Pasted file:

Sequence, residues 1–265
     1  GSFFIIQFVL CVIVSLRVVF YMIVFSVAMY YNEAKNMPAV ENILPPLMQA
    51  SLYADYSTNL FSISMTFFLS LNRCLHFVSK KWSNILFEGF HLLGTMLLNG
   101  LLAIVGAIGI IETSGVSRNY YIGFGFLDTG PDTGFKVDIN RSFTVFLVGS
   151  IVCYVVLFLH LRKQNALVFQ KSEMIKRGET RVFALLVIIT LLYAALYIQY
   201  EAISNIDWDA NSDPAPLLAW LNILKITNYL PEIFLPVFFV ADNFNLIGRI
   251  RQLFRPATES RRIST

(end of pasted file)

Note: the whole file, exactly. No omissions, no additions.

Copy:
Sequence, residues 1–265
     1  GSFFIIQFVL CVIVSLRVVF YMIVFSVAMY YNEAKNMPAV ENILPPLMQA
    51  SLYADYSTNL FSISMTFFLS LNRCLHFVSK KWSNILFEGF HLLGTMLLNG
   101  LLAIVGAIGI IETSGVSRNY YIGFGFLDTG PDTGFKVDIN RSFTVFLVGS
   151  IVCYVVLFLH LRKQNALVFQ KSEMIKRGET RVFALLVIIT LLYAALYIQY
   201  EAISNIDWDA NSDPAPLLAW LNILKITNYL PEIFLPVFFV ADNFNLIGRI
   251  RQLFRPATES RRIST